My grandfather kept his wallet firmly in his pocket. “Sorry, I don’t gamble.”
“But all the proceeds are for charity.”
Grandpa hesitated, then pulled out a dollar. “Here, but don’t put me in the draw.”
A few nights later, Grandpa heard honking and voices outside his bedroom window.
“Come out and get your prize Reed!”
He looked out, prepared for a practical joke. Instead, he saw a shiny yellow Crosley convertible. Grandpa’s friend had entered his name, and in spite of his scruples, he hit the jackpot. The car became the primary transportation for my mother and aunt during college.
I think all of us are gamblers to some degree. Look at highway crash statistics. Just my small department responds to 25 or 30 vehicle crashes a year on our lonely stretch of the Trans-Canada Highway. Considering that a rough average of 2,500 vehicles drive through here every day, those aren’t bad odds for the travelling public, but smart people still use lucky charms called seatbelts.
Some folks avoid anything that looks like gambling. I heard about a guy who didn’t like life insurance. His reasoning? He didn’t want to bet the insurance company he was going to die. And it seemed strange the insurance company was betting he wasn’t. An unusual way of looking at things, but it makes sense in a weird kind of way.
Firefighters are not exempt from taking a gamble now and then. In my rural department, we make a decision early on at every fire: is a pumper and tanker enough water to do the job? If not, the porta-tank comes off the truck and we start a water shuttle. This takes time and manpower – which we usually don’t have – so sometimes we hook the tanker directly to the pumper and go for broke. It only takes a few minutes to know if we made the right choice.
You might argue that a calculated decision isn’t a gamble. You do your size-up and make your decision. Simple.
Except that there always seems to be that unknown factor that you find out after the place burns into the basement.
Of course, there are things that we do know ahead of time. In many northern departments mutual aid is so far away that they’ll arrive just in time to roast marshmallows. We don’t mind sharing, but they can roast them just as well over their own basements, so we don’t usually bother calling.
Other things you learn on the spot, like the time a trucker stuffed a mitt full of papers in my hands and wished me luck as he took off the other way. His burning truck was carrying corrosives, flammable liquids and radioactive materials. We managed the incident safely, but afterward I had to admit that we left a little too much to luck.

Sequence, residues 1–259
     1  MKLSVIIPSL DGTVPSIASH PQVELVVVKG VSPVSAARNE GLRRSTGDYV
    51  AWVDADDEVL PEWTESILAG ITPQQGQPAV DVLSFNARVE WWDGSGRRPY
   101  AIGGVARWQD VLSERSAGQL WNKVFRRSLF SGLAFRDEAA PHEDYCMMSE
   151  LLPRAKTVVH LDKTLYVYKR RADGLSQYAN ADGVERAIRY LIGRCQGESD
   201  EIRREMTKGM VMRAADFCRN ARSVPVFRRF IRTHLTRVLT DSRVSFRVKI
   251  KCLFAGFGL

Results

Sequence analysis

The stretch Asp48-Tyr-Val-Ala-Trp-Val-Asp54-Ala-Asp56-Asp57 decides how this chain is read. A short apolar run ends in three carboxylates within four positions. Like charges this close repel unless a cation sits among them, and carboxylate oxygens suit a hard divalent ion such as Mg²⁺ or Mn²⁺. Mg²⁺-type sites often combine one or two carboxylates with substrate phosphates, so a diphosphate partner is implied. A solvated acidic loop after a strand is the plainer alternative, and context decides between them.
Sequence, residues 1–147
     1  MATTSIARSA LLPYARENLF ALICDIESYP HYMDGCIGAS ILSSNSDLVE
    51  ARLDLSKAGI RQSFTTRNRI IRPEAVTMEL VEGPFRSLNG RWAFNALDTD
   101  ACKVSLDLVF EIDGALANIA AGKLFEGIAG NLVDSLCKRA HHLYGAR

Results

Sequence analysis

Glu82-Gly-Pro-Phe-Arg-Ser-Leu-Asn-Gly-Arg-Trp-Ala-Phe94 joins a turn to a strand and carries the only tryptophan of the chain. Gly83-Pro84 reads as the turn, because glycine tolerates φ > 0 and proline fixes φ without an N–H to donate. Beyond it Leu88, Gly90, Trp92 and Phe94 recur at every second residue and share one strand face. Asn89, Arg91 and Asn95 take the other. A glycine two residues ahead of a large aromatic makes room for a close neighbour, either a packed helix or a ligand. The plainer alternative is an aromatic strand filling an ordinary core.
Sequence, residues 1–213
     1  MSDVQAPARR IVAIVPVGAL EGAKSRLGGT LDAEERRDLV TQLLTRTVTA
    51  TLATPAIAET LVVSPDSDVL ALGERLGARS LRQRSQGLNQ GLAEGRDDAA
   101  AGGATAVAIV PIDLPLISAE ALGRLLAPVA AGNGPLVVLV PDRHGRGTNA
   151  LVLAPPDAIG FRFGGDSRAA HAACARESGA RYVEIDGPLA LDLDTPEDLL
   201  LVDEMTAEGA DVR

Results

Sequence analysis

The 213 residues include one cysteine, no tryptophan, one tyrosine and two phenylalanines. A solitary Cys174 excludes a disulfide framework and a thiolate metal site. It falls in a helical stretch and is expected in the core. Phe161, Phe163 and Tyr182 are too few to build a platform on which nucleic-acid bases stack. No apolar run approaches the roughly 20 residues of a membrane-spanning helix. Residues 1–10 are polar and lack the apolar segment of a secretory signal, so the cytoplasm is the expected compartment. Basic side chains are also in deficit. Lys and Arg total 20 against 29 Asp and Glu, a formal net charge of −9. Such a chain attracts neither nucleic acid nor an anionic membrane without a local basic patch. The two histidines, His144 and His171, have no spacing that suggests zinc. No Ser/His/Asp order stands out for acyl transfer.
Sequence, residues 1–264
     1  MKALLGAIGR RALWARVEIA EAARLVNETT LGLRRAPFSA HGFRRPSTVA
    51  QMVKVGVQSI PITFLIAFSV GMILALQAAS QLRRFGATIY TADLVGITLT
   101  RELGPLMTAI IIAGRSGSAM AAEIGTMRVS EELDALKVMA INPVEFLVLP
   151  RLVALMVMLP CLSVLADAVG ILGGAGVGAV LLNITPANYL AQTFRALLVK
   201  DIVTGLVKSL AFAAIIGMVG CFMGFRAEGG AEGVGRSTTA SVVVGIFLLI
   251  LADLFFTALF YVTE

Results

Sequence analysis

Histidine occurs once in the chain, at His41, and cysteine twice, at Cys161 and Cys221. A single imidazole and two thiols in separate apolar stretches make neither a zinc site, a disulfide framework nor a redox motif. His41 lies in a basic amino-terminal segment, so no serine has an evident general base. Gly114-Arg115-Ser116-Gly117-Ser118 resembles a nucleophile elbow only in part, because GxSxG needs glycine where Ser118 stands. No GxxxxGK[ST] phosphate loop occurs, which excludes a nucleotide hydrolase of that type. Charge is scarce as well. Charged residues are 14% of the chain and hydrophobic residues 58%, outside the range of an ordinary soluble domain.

Luck? Now that’s even scarier than gambling. It could be defined as that last-ditch, end-of-the-rope factor that swings the balance in our favour when all else fails. It’s an interesting study to examine the dozens, perhaps hundreds, of lucky charms and quirky rituals we firefighters enlist to encourage fate’s smile; shamrocks, lucky coins, St. Florian necklaces. Some firefighters religiously refuse to clean their helmets. Most will give you a severe look if you say, “Man, it’s been quiet lately.” Some departments have superstitions about food. We went through a spell where we’d get a call every time one of our crew ate chocolate cake with a spaghetti dinner. It started out as a humorous observation, but after the third time we began to wonder. My kids even started picking up on it.
Many of us vehemently deny any superstitions, but even a skeptic like me has to wonder sometimes. Last fall, a hunter asked me if we responded to many moose hits on the highway. I said we did a few, but hadn’t had any for a while. Oops. I had this weird feeling as the words came out my mouth, but I consciously told myself that I didn’t believe that superstitious stuff. You weren’t going to catch me knocking on wood. A few hours later, my pager went off with a report of car versus moose east of Upsala.
I still don’t believe in luck, and I’m definitely not a gambler, but I would never bash this rich, superstitious culture of the fire service, especially if we do all we can on the rational side of looking after ourselves. Wear your shamrock and fasten your seatbelt. Keep the lucky quarter in your pocket as you don your SCBA. Hang St. Florian around your neck and religiously attend training. Last, but not least, teach the kids about fire safety while you avoid saying how quiet it’s been. Is there any value in the extras, or is life only about hard, cold choices that result in hard, cold consequences?
In his much-acclaimed inaugural speech, U.S. President Barack Obama talked about the “sapping of confidence” caused by economic woes and dismal world events. Fear causes paralysis. If nothing else, maybe those extra little things we do give us that bit of confidence we need when our careful plans go awry, and the unexpected happens. The family photo in your helmet reminds you that there is someone to go home to. That uneasy feeling you have when you eat spaghetti and chocolate cake prepares you for duty that sometimes trumps pleasure.
I went to my locker today and looked at my gear. The helmet really is dirty. I guess it tells me we’ve survived some nasty fires, and that they always do go out in the end. Strangely, I always thought it meant I was just too lazy to wash it.